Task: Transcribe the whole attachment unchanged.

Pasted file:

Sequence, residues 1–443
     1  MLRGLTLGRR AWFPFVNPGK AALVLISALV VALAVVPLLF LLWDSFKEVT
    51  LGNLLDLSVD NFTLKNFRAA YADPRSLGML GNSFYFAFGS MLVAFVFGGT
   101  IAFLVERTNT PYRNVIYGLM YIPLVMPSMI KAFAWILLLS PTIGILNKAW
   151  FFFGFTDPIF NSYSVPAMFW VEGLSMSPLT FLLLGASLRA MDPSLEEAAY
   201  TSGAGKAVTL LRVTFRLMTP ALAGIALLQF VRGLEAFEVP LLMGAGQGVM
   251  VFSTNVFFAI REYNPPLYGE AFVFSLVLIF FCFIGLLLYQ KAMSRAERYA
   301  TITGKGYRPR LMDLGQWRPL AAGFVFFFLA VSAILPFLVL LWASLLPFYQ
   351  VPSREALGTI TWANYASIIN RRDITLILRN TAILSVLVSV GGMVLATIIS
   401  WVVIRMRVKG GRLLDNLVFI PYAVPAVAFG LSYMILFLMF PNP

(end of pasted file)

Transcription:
Sequence, residues 1–443
     1  MLRGLTLGRR AWFPFVNPGK AALVLISALV VALAVVPLLF LLWDSFKEVT
    51  LGNLLDLSVD NFTLKNFRAA YADPRSLGML GNSFYFAFGS MLVAFVFGGT
   101  IAFLVERTNT PYRNVIYGLM YIPLVMPSMI KAFAWILLLS PTIGILNKAW
   151  FFFGFTDPIF NSYSVPAMFW VEGLSMSPLT FLLLGASLRA MDPSLEEAAY
   201  TSGAGKAVTL LRVTFRLMTP ALAGIALLQF VRGLEAFEVP LLMGAGQGVM
   251  VFSTNVFFAI REYNPPLYGE AFVFSLVLIF FCFIGLLLYQ KAMSRAERYA
   301  TITGKGYRPR LMDLGQWRPL AAGFVFFFLA VSAILPFLVL LWASLLPFYQ
   351  VPSREALGTI TWANYASIIN RRDITLILRN TAILSVLVSV GGMVLATIIS
   401  WVVIRMRVKG GRLLDNLVFI PYAVPAVAFG LSYMILFLMF PNP